Terms about immunology and inflammation





Tissue fluid that is being drained away to prevent its accumulation and swelling of the tissues


Swelling usually caused by the accumulation of tissue fluid

Lymph vessels

Microscopic tubes that drain the lymph out of the tissues

Lymph nodes

Bean-like structures that the lymph vessels empty into. These contain white blood cells, which will kill infectious organisms in the lymph.


Means ‘white blood cells,’ but usually refers to the white blood cells involved in the inflammatory or innate immune system rather than those in the lymph nodes.


The white blood cells which contain granules of chemicals which can be released to help fight off infectious organisms

Neutrophils or polymorphonuclear leukocytes

The commonest white blood cells in the blood. They contain granules that are ‘neutral’ in pH. Their other name means they have nuclei of many shapes. They eat invading organisms.


White blood cells with basic granules. They can move into infected tissues and release the compounds in their granules.


White blood cells whose granules stain with eosin. They are produced to fight off parasites.

Mast cells

These are like basophils, but they are stationary and live in the tissues as a kind of ‘early warning’ system.

Monocytes or macrophages

These are called monocytes when they are in the blood. When they crawl into the tissues they develop lots of tentacles and are then called macrophages. They eat invading organisms and release many chemicals.


When cells engulf and digest invading organisms or cell debris.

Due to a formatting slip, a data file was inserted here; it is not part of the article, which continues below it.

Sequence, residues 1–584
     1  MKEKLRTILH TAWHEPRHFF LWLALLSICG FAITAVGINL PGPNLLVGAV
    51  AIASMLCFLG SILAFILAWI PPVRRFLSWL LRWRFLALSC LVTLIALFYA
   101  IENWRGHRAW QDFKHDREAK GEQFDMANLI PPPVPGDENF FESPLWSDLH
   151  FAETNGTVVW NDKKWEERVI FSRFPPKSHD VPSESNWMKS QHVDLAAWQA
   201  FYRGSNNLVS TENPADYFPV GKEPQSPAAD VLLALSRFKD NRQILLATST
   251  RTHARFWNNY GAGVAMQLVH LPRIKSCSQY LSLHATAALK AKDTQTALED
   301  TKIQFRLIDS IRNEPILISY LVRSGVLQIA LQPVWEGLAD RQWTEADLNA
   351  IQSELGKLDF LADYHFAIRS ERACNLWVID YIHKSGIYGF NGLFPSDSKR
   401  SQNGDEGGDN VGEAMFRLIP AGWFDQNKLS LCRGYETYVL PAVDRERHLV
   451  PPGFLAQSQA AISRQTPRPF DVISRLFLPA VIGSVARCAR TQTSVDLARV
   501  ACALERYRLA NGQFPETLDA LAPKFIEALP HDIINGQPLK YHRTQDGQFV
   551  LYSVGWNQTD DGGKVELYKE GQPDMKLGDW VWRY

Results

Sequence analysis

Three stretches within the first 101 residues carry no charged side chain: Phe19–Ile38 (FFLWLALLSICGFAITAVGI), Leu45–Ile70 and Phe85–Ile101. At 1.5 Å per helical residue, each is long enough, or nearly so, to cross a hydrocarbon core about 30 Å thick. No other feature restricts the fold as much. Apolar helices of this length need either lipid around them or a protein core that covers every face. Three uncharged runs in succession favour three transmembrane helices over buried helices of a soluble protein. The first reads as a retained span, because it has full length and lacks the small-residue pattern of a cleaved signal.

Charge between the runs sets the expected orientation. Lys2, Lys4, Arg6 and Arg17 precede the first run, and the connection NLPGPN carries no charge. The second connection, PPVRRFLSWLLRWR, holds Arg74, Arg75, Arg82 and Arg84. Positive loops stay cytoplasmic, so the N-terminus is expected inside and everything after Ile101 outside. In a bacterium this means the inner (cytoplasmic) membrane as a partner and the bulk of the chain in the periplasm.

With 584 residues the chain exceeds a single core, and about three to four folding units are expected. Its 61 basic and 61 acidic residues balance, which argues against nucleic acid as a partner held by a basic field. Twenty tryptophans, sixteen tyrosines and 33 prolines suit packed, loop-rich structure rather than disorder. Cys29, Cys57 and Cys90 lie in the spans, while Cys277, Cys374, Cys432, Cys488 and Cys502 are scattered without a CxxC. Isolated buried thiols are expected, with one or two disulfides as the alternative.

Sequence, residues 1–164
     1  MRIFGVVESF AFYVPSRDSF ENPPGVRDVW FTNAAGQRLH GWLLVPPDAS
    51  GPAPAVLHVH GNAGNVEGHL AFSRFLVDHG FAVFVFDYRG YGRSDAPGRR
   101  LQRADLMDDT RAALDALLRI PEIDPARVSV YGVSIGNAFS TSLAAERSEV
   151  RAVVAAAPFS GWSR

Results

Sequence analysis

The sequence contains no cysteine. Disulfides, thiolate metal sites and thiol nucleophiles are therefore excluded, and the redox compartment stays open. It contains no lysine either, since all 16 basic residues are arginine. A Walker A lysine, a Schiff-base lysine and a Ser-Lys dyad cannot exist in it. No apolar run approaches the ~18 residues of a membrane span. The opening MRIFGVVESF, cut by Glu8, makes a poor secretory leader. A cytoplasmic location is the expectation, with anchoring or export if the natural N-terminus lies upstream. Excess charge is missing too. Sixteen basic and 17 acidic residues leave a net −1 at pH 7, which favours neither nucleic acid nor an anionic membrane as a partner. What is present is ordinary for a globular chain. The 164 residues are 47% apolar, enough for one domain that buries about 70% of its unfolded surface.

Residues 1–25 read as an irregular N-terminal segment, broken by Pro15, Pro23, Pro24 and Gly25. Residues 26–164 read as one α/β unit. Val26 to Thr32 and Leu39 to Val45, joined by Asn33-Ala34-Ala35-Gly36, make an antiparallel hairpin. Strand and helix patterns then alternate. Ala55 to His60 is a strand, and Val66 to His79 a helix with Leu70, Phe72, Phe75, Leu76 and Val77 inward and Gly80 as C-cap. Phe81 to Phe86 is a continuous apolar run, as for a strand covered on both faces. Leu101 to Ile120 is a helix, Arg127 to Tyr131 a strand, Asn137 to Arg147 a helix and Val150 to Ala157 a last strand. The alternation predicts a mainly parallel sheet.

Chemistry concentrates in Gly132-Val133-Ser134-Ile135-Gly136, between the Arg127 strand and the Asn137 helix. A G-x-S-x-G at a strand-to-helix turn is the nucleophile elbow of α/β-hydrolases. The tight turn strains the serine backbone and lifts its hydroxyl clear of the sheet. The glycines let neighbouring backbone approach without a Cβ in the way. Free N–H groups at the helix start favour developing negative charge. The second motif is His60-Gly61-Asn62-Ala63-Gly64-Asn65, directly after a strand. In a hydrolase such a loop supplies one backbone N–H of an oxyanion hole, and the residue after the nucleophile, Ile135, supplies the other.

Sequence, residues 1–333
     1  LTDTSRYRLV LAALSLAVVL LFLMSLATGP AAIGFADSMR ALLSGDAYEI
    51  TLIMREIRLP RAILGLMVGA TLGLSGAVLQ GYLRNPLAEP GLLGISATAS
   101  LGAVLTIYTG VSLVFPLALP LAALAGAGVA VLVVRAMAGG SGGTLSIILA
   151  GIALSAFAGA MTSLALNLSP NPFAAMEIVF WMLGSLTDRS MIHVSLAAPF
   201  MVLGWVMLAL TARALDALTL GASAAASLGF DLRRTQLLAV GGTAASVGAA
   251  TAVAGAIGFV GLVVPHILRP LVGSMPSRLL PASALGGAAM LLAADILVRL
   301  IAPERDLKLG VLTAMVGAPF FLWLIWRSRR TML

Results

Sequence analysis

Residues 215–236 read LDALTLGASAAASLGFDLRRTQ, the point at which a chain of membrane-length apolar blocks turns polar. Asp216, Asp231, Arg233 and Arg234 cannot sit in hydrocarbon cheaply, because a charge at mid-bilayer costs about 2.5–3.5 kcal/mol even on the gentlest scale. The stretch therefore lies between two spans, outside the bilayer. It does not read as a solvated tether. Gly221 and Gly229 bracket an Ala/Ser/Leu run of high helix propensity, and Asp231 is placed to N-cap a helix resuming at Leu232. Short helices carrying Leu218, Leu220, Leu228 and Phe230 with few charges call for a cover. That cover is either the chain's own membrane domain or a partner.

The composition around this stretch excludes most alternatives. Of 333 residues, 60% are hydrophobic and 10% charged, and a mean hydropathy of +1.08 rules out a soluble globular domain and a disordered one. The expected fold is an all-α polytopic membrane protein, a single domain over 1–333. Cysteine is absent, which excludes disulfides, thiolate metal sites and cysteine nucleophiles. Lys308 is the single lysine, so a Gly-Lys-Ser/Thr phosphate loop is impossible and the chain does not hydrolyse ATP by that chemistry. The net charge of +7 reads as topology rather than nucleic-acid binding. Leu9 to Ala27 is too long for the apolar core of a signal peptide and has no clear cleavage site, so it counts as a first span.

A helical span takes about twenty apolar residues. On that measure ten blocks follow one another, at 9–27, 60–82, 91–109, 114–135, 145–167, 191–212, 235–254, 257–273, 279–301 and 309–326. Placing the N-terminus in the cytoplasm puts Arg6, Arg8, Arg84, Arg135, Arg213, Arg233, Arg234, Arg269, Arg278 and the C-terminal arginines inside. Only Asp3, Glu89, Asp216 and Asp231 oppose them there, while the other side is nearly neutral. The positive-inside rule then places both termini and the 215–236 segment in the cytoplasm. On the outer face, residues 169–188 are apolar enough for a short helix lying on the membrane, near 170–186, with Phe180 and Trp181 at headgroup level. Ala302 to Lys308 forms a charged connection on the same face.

Chemical mediators of inflammation, or inflammatory mediators

Chemicals released by white blood cells, or injured tissue cells. They increase blood flow and fluid movement into an injured area, attract more WBCs, and may cause signs like rash and fever.

Innate immunity

The automatic mechanisms that prevent infections. They include the leukocytes and the inflammatory mediators they release. They react the same way to any kind of infectious organism.

Adaptive or specific immunity

The immune mechanisms that target specific diseases. These are what make you ‘immune to’ something.


This is the protein on the surface of an infectious organism that your body uses to identify it, so the specific immune response can kill it.

Antigen-presenting cells

These are macrophages or dendritic cells. They eat the infectious organism and carry the antigens from its surface to the lymphocytes, which will then start a specific immune response against it.


The WBCs living in the lymph nodes. Some also circulate in the blood. These are responsible for specific immunity.

T-helper cells

These are the lymphocytes that start the specific immune response. They identify that the antigen is really foreign rather than being part of your body, and tell the other lymphocytes it is OK to attack it.

T-killer cells

These lymphocytes specialize in killing body cells that have become infected with viruses.

B cells

These make chemicals to attach to and kill specific antigens.


These are the chemicals the B cells make to kill specific antigens.

Active immunity

Immunity caused by the presence of B memory cells against an antigen.

Passive immunity

Immunity caused when someone is given antibodies against an antigen, but does not have their own activated B or T cells and cannot make their own antibodies against the antigen. This is only temporary protection.